The woodsy scent of moist leaves and plants tinted with a hint of wood smoke filled the air as I slowly hiked down the path deeper into the woods. In the distance, I see wisps of fog hopefully rising from the as yet unseen river which from the map I knew to be there.
Seeming to rise from beyond this mist is a chorus of what sounds to be a sizable pack of Beagles in chase. Their voices are blended but yet you can easily pick out individuals who sound frantic with being hot on the scent or perhaps even catching sight of fleeing rabbits.
This is one of those sounds that once heard is never forgotten. Hunting with a good pack of Beagles is a high privilege I’m happy to have experienced when I was younger.
This mornings sortie was to a nearby park that has ties to Daniel Boone:
Boone’s Cave State Park is a small park resting on 110 acres just north of Morrow Mountain State, its affiliate park. Located just off Interstate 85 and State Route 150, this park has never been intensely developed as a recreation site. The park is strictly a day use facility nestled in a peaceful rural atmosphere mixed with large elegant country estates and beautiful green horse farms. It is believed, but never, confirmed that Squire Boone, Daniel Boone’s father moved to this site in the mid 1700’s. There is an old homestead site, but all that remains are large hearthstones. The park received its name from Boone’s Cave, also known as Devil’s Den. The cave lies on a steep slope facing the serpentine Yadkin River. The entryway to this 80-foot-long passage is small, only about two – three feet high. Formed by the river’s floodwaters, this cave is where Daniel Boone purportedly hid from hostile Indians.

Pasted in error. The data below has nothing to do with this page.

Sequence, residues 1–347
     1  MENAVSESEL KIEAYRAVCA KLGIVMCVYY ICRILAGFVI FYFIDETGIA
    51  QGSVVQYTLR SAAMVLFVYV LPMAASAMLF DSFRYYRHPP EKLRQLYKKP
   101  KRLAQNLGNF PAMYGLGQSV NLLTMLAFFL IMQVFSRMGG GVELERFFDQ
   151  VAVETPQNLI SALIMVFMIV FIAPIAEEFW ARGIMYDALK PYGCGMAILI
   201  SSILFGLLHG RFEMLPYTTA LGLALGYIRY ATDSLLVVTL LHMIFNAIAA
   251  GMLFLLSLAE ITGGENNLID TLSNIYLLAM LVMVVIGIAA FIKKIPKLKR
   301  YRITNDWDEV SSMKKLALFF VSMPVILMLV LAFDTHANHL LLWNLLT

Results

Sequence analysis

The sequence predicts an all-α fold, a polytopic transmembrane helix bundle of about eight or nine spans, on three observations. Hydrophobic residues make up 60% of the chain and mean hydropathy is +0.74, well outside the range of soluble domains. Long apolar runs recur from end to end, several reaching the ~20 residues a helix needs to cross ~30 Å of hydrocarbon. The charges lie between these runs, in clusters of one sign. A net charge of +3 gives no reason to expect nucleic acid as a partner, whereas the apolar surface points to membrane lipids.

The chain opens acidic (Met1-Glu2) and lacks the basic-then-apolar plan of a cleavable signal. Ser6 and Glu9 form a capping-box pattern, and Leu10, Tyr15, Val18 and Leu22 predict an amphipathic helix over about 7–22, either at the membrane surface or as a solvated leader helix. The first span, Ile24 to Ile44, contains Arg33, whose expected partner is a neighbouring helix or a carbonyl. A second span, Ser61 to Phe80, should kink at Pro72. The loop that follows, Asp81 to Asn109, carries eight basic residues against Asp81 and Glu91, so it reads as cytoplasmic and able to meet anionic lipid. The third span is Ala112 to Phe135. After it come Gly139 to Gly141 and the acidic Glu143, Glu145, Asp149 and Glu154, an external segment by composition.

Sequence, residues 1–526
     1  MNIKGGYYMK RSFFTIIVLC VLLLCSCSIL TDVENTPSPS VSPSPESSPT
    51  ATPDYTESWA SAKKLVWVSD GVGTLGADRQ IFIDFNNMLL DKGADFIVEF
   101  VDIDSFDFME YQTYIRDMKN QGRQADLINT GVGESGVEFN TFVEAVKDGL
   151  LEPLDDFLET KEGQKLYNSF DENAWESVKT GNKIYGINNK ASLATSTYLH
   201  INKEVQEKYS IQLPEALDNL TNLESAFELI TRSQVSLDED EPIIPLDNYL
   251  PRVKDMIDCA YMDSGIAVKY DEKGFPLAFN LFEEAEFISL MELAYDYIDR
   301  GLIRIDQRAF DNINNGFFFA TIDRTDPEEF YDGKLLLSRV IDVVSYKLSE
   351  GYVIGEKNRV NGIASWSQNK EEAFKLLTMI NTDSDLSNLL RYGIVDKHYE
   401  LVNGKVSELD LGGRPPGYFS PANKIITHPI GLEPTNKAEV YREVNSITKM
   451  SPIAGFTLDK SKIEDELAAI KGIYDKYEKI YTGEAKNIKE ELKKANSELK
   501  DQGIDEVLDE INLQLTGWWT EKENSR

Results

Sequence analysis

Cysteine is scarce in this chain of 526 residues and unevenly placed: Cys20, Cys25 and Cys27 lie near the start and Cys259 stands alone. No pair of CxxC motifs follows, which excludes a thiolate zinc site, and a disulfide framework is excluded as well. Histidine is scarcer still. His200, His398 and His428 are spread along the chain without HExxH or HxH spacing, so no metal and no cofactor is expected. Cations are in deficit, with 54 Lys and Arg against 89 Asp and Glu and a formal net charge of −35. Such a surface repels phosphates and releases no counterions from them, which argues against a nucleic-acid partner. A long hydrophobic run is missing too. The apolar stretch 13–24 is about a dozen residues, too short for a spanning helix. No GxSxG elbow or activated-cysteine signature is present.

Hiking a couple of circular trails I covered over a mile through some very rustic wooded trails. I carried both a small photo backpack and my tripod, which on the steep sections of the trail let me know that I’m not nearly active enough in my daily life.
Next visit, I’ll only bring my small travel tripod and a couple of filters and a lens to be carried in my pocket!